According to Capa, the word’s biggest airlines are actually fighting over what used to be Air India’s “birthright" (traffic from India).

But the languishing state-owned airline is surviving on a 30,000 crore government bailout, and is nowhere in the fight for the India-US traffic. The airline, which had a total debt of 40,000 crore as of 31 March, is expected to turn around only by 2018-19.

“..Air India is locked out of the powerful Atlantic immunised joint ventures that are feeding on its national traffic. Although it is now a Star Alliance member airline, it has to sit on the sidelines as the bigger European and North American airlines privately divide up its India traffic between them, funnelling it over their European hubs," the Capa report said. Star Alliance is a global grouping of airlines and Air India became a member last year.

Air India was originally accepted as a future member of Star Alliance in December 2007, but the integration process was halted in July 2011 as the airline could not meet some of the required parameters. It was renewed only in December 2013.

Joining Star Alliance means Air India passengers can use Star’s facilities like airport lounges and redeem air miles on airlines such as Deutsche Lufthansa AG, Singapore Airlines Ltd and United Airlines.

However, some of that traffic over the Gulf “diverted" away from the “US carriers and their JV partners" is now actually being carried by Jet Airways through codeshare with Etihad Airways.

“To suggest that Jet Airways, an Indian airline, can be stealing its “own" traffic from foreign sixth freedom airlines which have grown used to feeding on the Indian market is surely a little north of cynicism," Capa noted. The Jet Airways acquisition helped Etihad bring Jet’s Indian passengers to US shores.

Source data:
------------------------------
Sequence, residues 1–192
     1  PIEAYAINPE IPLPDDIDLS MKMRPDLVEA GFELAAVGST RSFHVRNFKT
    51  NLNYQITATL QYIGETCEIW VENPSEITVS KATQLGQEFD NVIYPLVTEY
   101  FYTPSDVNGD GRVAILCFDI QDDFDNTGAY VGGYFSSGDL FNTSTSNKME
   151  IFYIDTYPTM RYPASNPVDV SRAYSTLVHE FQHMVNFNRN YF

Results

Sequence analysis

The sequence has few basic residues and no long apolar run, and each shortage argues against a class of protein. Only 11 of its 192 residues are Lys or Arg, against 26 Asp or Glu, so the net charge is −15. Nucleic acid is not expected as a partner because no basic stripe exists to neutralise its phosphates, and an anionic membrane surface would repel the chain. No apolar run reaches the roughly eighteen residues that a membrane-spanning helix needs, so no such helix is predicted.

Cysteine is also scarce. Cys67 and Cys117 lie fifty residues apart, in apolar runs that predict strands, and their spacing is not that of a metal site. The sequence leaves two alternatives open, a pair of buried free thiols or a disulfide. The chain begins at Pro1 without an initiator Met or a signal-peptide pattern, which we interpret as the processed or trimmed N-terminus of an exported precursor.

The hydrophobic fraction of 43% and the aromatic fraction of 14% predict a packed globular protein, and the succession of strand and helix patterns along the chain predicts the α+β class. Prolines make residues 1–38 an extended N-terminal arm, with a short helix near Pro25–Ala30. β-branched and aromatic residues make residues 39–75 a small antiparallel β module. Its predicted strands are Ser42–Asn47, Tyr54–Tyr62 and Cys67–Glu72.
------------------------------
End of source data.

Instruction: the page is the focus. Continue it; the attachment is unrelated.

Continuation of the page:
So, is there anybody taking up the issue of US versus Gulf versus Indian airlines?

At its annual general meeting held in Miami on 7-9 June, the International Air Transport Association (IATA), a global body of 250 airlines accounting for 84% of international air traffic, washed its hands off the matter. IATA merely said it has taken a note of the rift between state-owned airlines and those owned wholly or predominantly by private shareholders. In any case, IATA is not the battleground on which any resolution will be achieved.

“The country with the most negative impact of Gulf airlines on its own airlines is India. The second-most impacted group are the European Union (EU) carriers. They (EU carriers) have been up to now the most vociferous," said Craig Jenks, president at New York-based consultancy firm Airline/Aircraft Projects Inc.

Which prompts the question: Why the silence from the Indian side?

“First, the Gulf carriers (and airports) are very large employers of Indian expats. So, that is positive for India, if not its aviation sector. Second, Etihad Airways basically rescued Jet Airways. Third, the Indian government does not have a policy of pro-actively building hub capacity, or of supporting such building. Consequently, Indian carriers would find it very hard to compete with Gulf carrier connectivity," Jenks said.